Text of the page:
OPPOSING VIEW: Our politically unpopular trail
Standing athwart this trend is the Boy Scouts of America (BSA), which announced this month that it will continue its policy of excluding gay and lesbian members and leaders. An 11-member panel concluded that exclusion is “absolutely the best policy” for the more than century-old organization.
Talk about out of step.
The 2.7-million member BSA preaches kindness, loyalty and bravery, and its oath urges Scouts “to help other people at all times.” Yet intolerance of gays and lesbians apparently overrides these values.
This isn’t a legal issue. The Supreme Court ruled in 2000 that, as a private organization, the Scouts have a constitutional right to exclude openly gay people. Freedom of association, the court said, plainly presupposes a freedom not to associate.
But just because an organization can do something doesn’t mean it should. Groups such as the Girl Scouts, Jaycees, Rotary and 4-H Club have all successfully adopted non-discrimination policies. That leaves the Boy Scouts as an outlier.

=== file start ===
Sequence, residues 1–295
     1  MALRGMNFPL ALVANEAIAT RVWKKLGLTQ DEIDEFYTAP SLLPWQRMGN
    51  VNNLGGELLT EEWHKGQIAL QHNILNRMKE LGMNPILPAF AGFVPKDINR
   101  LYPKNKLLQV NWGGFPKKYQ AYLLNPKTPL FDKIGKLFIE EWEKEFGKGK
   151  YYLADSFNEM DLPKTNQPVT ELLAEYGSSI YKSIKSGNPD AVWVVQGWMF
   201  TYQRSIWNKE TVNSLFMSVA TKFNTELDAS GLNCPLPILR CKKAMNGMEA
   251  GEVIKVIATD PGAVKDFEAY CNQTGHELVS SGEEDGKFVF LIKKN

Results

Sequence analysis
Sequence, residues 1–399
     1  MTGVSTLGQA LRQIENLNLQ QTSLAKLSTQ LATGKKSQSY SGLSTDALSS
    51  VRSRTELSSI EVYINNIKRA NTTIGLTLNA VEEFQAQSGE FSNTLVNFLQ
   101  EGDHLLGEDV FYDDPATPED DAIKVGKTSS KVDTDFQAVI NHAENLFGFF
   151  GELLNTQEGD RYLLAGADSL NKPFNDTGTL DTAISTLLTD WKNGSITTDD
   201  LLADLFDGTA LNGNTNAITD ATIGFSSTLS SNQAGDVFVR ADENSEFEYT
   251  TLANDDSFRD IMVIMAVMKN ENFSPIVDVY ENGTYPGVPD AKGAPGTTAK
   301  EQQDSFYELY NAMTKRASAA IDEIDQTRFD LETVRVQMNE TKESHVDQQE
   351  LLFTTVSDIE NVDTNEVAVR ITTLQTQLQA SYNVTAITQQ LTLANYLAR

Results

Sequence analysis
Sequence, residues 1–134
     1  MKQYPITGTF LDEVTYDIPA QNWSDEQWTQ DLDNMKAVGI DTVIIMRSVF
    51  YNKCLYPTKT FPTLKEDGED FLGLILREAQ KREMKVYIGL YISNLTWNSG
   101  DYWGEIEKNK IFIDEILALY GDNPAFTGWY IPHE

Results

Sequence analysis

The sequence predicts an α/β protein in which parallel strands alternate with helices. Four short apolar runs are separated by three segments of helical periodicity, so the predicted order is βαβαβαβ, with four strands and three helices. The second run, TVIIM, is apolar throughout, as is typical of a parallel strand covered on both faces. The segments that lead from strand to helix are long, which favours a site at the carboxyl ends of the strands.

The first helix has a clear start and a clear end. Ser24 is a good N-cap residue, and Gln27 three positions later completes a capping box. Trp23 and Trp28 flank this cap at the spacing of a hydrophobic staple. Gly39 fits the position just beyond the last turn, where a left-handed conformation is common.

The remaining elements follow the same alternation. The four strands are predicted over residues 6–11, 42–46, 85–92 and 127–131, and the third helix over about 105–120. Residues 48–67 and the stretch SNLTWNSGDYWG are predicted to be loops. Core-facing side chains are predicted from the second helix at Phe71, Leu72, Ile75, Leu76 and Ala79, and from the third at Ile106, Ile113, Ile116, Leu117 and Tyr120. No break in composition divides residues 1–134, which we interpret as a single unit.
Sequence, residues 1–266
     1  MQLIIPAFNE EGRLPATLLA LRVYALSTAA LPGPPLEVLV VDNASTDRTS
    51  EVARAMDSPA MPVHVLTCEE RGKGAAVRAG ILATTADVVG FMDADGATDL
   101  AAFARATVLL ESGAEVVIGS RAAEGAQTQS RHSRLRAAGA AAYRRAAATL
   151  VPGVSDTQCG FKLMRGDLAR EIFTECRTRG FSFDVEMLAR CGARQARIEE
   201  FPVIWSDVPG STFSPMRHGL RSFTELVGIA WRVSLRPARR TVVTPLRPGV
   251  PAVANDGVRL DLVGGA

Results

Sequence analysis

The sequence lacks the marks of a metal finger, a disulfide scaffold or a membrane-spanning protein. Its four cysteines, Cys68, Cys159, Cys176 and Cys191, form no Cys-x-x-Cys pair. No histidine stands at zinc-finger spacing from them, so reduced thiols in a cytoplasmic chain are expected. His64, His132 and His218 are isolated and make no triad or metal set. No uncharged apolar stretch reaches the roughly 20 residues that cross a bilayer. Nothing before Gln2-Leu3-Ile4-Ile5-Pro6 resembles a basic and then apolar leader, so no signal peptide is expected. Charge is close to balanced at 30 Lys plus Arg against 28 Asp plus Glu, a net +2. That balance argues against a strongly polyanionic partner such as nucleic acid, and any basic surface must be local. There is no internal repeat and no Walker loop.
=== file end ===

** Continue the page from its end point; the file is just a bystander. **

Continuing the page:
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In explaining its policy, Scouting seems to miss the point by saying it is not a sex-education organization. No one is suggesting that it should be. Scouting’s critics simply want it to be inclusive and neutral.
Another largely unspoken concern involves the fear of unwanted sexual advances, or worse. Perhaps Scout leaders should consult the American Psychological Association, which
This article originally appeared on: http://www.usatoday.com/news/opinion/editorials/story/2012-07-29/Boy-Scouts-anti-gay-policy/56579714/1